Prior to taking over as Wine Director at Juniper & Ivy in San Diego, California, Brandon Boghosian was the Sommelier at both Goose & Gander and Bouchon Bistro in Napa Valley.


Was there a specific wine or moment that made you pursue wine as a career?

I knew less than nothing about wine before I attended the Culinary Institute of America, Hyde Park at the age of 29. I spent the entire time in that class trying to figure out how to become a sommelier. This was an entire world within the restaurant industry I knew nothing about, but I knew at that point that it was the only thing I wanted to do. The instructor was an Advanced Somm who was entirely unorthodox, and presented that course in a way that really resonated with me. I took a few serving gigs after graduating to get my feet wet in the FOH, and have been a somm for about five years now.

What traits or skills are required to be a successful sommelier? 

A sense of awareness and realizing their role in the restaurant; too many somms (and bartenders for that matter) lose focus on their guests needs by getting caught up in putting together an impressive presentation. I think a great somm has a keen sense for building a list based around the guest and understanding that “making your mark” is secondary. There are wine lists that are pedestrian and lack creativity, and there are some lists that are so entirely esoteric even other somms get lost in them. I think a really great somm is someone who can achieve a balance between those two extremes, while still maintaining a compelling, diverse, and most importantly, a profitable program. That is, after all, what we are paid to do.

Selling wine is also much more than just being the geekiest geek in the room. Rote regurgitation of facts does not sell wine, ever. Reading your guests, understanding your audience, and relating to them in a language they understand is the most important skill for a somm in my opinion. A good somm knows when to make someone feel great about their value conscious purchase of a $35 bottle and when to offer up their $1000 Grand Cru burg’ that’s off-list.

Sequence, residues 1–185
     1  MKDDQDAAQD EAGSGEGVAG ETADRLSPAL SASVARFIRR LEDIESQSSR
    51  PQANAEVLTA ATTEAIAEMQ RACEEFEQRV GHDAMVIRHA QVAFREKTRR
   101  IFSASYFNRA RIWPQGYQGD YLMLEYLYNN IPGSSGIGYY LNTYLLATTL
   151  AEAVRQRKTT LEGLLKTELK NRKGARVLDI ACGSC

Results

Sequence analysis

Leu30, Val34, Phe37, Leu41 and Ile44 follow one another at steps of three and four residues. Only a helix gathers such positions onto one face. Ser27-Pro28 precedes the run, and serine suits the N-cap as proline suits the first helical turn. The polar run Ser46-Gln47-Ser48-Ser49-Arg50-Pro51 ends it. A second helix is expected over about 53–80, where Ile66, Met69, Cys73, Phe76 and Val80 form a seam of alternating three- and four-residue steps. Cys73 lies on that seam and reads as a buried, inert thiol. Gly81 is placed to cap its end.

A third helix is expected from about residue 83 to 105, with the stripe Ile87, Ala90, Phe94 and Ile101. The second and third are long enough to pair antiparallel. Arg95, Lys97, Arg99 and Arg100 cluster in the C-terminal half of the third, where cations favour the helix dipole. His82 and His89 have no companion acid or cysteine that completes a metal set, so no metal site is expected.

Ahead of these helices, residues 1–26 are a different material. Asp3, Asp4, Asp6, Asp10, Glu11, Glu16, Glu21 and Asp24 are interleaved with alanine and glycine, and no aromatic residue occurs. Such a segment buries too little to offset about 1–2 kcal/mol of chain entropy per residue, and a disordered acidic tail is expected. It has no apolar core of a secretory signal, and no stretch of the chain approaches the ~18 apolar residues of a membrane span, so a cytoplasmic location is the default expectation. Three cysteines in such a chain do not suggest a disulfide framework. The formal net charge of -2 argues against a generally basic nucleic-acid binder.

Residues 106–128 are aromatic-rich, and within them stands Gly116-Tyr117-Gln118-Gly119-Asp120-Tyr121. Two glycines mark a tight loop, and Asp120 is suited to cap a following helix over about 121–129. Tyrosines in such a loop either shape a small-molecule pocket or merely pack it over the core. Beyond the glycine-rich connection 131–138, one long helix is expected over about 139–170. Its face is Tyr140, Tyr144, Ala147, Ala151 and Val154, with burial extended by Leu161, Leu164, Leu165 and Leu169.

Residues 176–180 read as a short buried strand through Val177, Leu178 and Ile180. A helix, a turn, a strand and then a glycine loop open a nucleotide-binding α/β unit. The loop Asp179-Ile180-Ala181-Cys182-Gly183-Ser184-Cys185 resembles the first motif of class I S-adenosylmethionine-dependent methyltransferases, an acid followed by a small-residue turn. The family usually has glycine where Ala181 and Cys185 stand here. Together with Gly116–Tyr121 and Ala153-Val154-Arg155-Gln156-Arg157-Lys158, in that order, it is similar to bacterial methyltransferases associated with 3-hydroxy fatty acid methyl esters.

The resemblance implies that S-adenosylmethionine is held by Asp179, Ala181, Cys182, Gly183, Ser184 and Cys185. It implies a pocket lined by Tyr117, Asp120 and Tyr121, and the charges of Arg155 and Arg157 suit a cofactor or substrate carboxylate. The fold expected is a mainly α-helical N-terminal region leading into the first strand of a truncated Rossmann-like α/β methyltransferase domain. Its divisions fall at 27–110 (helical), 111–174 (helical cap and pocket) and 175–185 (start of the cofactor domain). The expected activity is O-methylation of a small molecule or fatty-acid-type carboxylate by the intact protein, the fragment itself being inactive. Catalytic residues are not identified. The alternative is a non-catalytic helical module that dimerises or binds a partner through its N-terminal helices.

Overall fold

Juniper & Ivy in San Diego, California.

How many selections do you oversee at Juniper & Ivy and what is the philosophy that guides your wine program there?

At the moment, we pour 34 wines by the glass and our bottle list has 125 selections, with another roughly 40 “reserve” wine off list. We have more than 30 varietals from 9 countries, ranging from 1964 Gran Reserva Rioja to 2016 current release South African Chenin. San Diego is a Cali-centric crowd, so our focus is on offering some of California’s greatest hits while enticing our guests with our favorite B-Sides from France, Germany, Austria, Italy, and Spain. I think we do an outstanding job offering great diversity of varietals, locations, and vintages.     

Which wine regions you have recently caught your attention and why?

I’m really into Spain and Italy right now. I came from a 1 Michelin-star French Bistro. I’d love to sell Burgundy all day, but San Diego isn’t necessarily interested in drinking it, or paying the premium prices Burgundy commands. I find incredible value and vintage depth from Spain and Italy and those are the wines I’m most excited about.

fTTGR94What is your favorite bottle of wine right now?

My favorite bottle on our list right now is the 1995 R. Lopez de Heredia Tondonia Gran Reserva, $222. It is without question the best value in our program and possibly the entire city. These wines from Lopez are the epitome of old school, which I love. They maintain an almost unbelievable freshness for their age and bring as much complexity to the glass as a bottle of $900 Burgundy. I recently sold a ’64 Tondonia I picked up from a consignor and it was one of the best wines I’ve ever had the privilege to taste.

What are your thoughts and or approach on the pairing of food and wine?

I think it’s very important when it is important to the guest. Some people want to drink what they love, and sometimes trying to create a great pairing is actually doing the guests a disservice, because they really just want something comfortable. Having said that, wine and food are meant for each other. There are fewer things more satisfying to me personally than when a guest has an eye opening experience with a food and wine pairing. When someone realizes that wine can intensify the flavors in food, and that food can reveal different flavors in a wine, that is a really special experience. Foie gras and Sauternes, Riesling and spicy Thai, Rhone Syrah and grilled lamb. This is why we have taste buds. These are things that make me smile.

Find out more about Brandon Bogoshian at his SOMM’S LIST PROFILE

Related Posts